Lachland Mackinnon, in The Lives of Elsa Triolet (1992), says that Triolet claimed that the novel owes something to André Gide's notion of the acte gratuit by Lafcadio in Les Caves du Vatican (1914), and he adds that he finds it 'Hemingwayesque'. Neither Gide nor Hemingway came to my mind, but Sartre, with whom Triolet doesn't appear to have got on at all, definitely surfaces to my consciousness.
Mackinnon, for what his comments may or may not be worth, states that Triolet considered this her most autobiographical work. Michel, the son of a Russian opium addict, has a restless life in which he becomes a drug smuggler, a kind of tramp, the husband of a rich American whose lifestyle he exploits to the full and owns houses, a plane, etc., and also is a globetrotter, a successful singer, and so on. But his trump card invariably involves walking out when he doesn't like things, or when it gets too hot (or cold).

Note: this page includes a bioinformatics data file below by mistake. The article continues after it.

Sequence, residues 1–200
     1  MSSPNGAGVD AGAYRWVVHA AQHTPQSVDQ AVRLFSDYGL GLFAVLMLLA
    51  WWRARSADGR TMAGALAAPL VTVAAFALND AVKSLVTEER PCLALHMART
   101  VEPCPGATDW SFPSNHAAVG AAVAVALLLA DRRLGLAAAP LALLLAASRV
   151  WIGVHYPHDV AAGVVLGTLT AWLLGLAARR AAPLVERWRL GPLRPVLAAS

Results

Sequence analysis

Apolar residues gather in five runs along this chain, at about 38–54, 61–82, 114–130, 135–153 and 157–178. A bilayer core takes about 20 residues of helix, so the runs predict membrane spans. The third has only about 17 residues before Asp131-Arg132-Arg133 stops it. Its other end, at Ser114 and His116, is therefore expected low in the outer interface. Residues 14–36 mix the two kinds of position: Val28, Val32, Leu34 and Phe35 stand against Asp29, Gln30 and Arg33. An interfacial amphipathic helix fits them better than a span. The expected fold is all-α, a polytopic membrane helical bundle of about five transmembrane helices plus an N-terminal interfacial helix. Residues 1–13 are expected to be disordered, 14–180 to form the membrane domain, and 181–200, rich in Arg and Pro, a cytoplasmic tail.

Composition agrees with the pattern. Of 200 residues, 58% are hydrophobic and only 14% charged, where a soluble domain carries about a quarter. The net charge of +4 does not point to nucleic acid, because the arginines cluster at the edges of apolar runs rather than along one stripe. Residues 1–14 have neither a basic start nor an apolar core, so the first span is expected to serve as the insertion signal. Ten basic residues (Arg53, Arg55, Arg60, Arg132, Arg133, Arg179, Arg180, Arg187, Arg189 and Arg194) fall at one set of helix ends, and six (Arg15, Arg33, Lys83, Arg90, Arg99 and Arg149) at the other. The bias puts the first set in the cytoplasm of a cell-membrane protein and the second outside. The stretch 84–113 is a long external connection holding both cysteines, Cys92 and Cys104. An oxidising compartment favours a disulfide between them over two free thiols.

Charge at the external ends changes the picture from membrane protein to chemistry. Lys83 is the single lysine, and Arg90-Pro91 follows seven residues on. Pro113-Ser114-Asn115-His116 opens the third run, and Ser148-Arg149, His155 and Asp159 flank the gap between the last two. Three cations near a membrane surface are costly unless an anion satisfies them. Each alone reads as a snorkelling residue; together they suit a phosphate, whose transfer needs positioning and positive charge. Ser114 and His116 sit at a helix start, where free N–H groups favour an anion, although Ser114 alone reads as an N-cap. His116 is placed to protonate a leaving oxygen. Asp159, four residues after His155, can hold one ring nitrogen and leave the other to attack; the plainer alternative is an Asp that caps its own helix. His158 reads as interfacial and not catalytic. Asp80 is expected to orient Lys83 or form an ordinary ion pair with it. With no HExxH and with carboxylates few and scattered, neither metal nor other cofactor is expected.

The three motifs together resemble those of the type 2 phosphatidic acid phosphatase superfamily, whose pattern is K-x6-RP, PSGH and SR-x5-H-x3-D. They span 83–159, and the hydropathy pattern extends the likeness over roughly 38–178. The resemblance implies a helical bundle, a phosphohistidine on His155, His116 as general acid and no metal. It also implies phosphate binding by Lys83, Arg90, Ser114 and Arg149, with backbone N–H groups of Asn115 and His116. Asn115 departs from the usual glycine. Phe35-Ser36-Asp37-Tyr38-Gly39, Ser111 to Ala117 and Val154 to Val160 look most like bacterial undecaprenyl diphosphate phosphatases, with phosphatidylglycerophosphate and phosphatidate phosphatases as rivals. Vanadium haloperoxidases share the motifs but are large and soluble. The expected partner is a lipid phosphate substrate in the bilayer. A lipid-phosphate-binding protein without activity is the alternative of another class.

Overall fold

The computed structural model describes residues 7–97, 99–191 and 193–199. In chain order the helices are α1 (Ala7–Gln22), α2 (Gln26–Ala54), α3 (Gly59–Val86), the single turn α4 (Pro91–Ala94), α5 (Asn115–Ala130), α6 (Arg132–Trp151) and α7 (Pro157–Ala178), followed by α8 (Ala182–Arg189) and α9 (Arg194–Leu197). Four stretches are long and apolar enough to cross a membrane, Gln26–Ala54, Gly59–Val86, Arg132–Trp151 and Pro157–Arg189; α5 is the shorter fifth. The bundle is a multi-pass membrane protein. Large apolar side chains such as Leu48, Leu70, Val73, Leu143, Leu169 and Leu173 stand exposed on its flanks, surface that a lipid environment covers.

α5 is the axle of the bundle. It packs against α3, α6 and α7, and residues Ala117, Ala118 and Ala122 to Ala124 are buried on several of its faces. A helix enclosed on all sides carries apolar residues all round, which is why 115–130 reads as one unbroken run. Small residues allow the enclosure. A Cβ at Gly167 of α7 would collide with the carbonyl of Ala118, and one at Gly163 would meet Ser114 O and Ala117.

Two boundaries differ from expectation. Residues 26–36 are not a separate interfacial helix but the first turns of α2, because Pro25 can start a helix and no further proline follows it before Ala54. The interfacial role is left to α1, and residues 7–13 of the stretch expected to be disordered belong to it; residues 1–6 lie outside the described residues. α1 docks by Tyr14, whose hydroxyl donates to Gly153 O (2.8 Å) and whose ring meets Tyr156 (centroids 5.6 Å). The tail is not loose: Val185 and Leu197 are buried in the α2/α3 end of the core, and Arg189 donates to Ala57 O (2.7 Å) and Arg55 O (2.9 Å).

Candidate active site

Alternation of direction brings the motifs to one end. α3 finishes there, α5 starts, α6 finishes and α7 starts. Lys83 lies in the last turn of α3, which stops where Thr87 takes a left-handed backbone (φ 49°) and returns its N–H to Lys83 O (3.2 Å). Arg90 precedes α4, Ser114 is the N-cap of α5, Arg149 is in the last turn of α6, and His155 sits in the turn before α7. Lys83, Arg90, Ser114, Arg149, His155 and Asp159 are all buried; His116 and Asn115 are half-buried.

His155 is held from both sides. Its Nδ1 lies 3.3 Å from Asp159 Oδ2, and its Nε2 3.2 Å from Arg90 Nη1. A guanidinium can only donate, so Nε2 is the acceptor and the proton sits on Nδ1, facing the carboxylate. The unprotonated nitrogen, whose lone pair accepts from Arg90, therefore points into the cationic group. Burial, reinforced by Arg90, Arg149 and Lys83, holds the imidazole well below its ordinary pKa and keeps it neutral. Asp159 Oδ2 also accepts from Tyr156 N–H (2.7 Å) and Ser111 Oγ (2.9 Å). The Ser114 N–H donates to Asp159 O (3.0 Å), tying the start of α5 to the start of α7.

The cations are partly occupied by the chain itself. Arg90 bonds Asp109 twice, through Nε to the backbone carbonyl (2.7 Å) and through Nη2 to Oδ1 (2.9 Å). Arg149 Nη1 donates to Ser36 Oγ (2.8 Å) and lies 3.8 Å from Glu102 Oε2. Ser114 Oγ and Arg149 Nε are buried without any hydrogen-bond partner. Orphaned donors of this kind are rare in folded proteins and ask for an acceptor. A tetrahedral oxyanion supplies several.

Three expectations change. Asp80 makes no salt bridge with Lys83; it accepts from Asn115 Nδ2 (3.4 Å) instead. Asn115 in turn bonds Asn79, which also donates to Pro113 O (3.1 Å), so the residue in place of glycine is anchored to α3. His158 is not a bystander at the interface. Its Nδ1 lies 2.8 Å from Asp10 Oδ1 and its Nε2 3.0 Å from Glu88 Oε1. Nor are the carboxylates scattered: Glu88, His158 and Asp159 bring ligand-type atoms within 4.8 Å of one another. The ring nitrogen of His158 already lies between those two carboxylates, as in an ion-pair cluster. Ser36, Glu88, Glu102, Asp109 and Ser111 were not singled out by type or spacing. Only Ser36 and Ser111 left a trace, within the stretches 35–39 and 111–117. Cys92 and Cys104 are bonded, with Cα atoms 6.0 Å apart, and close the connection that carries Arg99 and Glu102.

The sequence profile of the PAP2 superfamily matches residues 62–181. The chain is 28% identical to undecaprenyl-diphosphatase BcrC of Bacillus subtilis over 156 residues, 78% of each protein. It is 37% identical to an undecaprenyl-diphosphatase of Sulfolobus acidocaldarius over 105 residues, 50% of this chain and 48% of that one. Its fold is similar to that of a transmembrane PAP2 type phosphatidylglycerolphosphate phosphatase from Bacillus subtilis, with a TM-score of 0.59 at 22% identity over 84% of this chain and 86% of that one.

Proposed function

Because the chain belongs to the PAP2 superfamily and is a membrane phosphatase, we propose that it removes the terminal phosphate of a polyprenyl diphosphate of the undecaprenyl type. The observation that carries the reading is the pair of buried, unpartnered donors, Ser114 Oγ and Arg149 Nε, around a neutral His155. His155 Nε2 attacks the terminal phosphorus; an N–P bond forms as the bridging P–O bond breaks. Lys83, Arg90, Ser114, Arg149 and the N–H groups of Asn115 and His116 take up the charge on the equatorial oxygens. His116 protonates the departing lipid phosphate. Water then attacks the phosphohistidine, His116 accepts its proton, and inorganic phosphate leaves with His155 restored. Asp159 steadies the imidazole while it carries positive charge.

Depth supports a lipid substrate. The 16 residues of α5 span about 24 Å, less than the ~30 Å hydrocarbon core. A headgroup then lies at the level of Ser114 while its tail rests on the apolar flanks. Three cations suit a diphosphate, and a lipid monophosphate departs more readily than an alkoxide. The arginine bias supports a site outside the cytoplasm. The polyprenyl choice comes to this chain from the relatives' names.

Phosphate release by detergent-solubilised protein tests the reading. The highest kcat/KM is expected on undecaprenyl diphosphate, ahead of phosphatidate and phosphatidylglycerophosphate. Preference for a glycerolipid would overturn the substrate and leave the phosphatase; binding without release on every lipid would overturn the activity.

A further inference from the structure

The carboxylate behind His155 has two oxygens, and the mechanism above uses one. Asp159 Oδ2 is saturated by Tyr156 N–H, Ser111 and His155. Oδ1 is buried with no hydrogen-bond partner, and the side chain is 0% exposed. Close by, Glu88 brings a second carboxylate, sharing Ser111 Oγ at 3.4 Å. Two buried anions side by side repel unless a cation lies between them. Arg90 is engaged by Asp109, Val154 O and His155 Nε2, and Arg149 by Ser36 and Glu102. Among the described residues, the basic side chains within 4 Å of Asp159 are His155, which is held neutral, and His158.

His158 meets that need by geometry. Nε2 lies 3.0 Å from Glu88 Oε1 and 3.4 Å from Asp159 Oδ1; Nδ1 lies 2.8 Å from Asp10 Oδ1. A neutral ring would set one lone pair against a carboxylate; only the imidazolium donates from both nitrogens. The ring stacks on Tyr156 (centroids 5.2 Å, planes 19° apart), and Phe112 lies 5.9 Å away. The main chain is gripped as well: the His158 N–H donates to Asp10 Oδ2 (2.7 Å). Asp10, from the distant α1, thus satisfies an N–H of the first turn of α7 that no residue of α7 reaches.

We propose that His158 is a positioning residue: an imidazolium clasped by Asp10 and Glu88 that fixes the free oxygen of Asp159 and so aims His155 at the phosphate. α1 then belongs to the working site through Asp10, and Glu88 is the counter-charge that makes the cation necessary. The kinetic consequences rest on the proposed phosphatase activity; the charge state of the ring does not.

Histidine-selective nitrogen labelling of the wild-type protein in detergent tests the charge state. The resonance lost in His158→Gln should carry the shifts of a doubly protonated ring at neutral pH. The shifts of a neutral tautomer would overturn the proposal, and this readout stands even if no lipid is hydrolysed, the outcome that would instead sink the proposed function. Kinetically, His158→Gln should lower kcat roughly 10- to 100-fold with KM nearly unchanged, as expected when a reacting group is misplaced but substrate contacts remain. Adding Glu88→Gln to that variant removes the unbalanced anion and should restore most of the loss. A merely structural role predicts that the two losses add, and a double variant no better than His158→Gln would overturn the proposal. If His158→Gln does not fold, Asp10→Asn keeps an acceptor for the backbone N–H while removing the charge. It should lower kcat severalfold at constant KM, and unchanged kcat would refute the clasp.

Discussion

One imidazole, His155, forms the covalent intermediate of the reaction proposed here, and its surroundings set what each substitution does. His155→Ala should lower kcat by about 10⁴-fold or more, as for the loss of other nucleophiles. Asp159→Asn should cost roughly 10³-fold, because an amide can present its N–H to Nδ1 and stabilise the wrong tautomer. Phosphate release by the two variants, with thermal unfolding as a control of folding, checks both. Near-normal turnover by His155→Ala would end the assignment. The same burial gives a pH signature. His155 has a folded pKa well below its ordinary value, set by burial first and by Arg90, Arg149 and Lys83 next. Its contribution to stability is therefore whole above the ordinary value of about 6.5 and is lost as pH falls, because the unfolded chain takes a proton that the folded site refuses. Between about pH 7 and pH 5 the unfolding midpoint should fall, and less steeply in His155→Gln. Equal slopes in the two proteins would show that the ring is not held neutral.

He dies a heroic death in war, but is he a hero? I'm not too sure, but then I suspect that many readers must have given up on this meandering, almost plotless tale before the end. Probably their mistake, that one, and the more I think of it the more I feel inclined to re-visit this novel.